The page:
def hello_world(planet: str='earth'):
    """Say hello to a world"""
    print(f"Hello, {planet}!")

# Checking metadata of the decorated function
print(f'{hello_world.__name__         =  }')
print(f'{hello_world.__doc__          =  }')
print(f'{hello_world.__annotations__  =  }')
print(f'{hello_world.__dict__         =  }')

We get the following output:

hello_world.__name__         =  'hello_world'
hello_world.__doc__          =  'Say hello to a world'
hello_world.__annotations__  =  {'planet': <class 'str'>}
hello_world.__dict__         =  {'__wrapped__': <function hello_world at 0x7b49d5fccc10>}

We can see that the __name__ attribute has been updated to match the name of the function that the decorator is wrapping. The docstring of the wrapped function also gets updated, as well as the static typing annotations. The __dict__ attribute also contains all of the attributes from hello_world (which is nothing since it's a function) and also has the __wrapped__ attribute, which holds a direct link to the original function.

As mentioned above, the __wrapped__ attribute holds a pointer to the original object. This can be very useful if another program or developer wants to introspect/get more information on the encapsulated object. There is another Python Standard Library module for this called "inspect." In that module, there's a function called inspect.signature() which actually looks for a __wrapped__ attribute in __dict__ and if one is found, it follows the __wrapped__ value to be able to inspect the actual object!

However, you can also manually use the __wrapped__ attribute to get extra information on the encapsulated object. For example, functools.wraps doesn't automatically transfer over default values to the wrapping object (because classes don't have a __defaults__ attribute and a class can be a wrapper), but with __wrapped__, we can see the default values which are stored in the __defaults__ attribute:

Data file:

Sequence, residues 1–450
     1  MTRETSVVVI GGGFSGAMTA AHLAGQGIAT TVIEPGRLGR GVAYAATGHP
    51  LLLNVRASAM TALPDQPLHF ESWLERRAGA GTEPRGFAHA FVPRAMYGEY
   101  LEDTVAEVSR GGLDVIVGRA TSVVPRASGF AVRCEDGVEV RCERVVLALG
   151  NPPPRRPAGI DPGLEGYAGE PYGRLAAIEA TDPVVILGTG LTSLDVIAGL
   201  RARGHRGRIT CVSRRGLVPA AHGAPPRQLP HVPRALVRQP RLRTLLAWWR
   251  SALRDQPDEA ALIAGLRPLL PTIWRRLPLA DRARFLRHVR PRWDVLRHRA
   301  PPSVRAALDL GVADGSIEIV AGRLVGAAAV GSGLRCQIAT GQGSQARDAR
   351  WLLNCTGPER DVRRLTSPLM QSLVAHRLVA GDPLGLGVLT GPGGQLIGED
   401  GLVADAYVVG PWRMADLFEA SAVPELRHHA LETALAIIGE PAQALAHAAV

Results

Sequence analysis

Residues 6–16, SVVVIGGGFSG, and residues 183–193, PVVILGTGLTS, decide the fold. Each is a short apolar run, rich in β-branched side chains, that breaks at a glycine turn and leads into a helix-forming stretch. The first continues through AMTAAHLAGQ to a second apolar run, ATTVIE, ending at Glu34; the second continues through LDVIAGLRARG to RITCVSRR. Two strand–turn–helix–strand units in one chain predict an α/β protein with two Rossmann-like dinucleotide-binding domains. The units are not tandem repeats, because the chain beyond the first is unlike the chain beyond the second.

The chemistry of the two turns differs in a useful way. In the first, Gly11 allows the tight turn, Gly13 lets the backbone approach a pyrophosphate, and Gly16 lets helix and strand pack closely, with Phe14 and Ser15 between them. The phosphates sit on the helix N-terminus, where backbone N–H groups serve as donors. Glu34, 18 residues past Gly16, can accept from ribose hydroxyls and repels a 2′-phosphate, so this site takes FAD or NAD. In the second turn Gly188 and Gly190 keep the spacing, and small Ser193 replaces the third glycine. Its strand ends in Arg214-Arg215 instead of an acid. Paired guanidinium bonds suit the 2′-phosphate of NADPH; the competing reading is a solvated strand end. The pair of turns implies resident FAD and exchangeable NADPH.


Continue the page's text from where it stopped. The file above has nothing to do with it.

print(f'{hello_world.__dict__["__wrapped__"].__defaults__ =  }')

And we can see that the output is as expected; the planet argument from the function above has a default value of “earth.”

hello_world.__dict__["__wrapped__"].__defaults__ =  ('earth',)

Lastly, we can also print the function object; it shows the correct function:

print(hello_world)

Output:

<function hello_world at 0x7a122d7295a0>

Transferring Extra Metadata

Using the predefined values from the wraps decorator is usually enough, but if you want to transfer more (or less) metadata over to the wrapper function, you can pass in your own arguments. Let's say that we want to save the default values of your function's arguments; we can add more dunder attributes to the "assigned" argument:

Now if we try to print out the __defaults__ dunder attribute, we will see ('earth',) because the “planet” parameter in the hello_world function has a default value of 'earth':

MORE_WRAPPER_ASSIGNMENTS = (
    '__module__', '__name__',
    '__qualname__', '__annotations__',
    '__doc__', '__defaults__',
    '__kwdefaults__'
)
    
def example_decorator(func):
    @wraps(func, assigned=MORE_WRAPPER_ASSIGNMENTS)
    def wrapper(*args, **kwargs):
        """Wrapper function"""
        return func(*args, **kwargs)

    return wrapper

@example_decorator
def hello_world(planet: str='earth'):
    """Say hello to a world"""
    print(f"Hello, {planet}!")

Now if we try to print out the __defaults__ dunder attribute, we will see ('earth',) because the “planet” parameter in the hello_world function has a default value of 'earth':

print(f'{hello_world.__defaults__ =  }')

And the output:

hello_world.__defaults__ =  ('earth',)

Final Thoughts

Saving the metadata of objects that use decorators is extremely important as it leads to code that's easier to debug and ensures that your objects still work with other parts of the language, such as introspection. Adding functools.wraps to your decorators allows you to easily carry over the most important attributes to the wrapper object. That being said, just be mindful that functools.wraps doesn't automatically move every attribute over, and you shouldn't have any problems!

Thanks for reading - I hope you learned something new!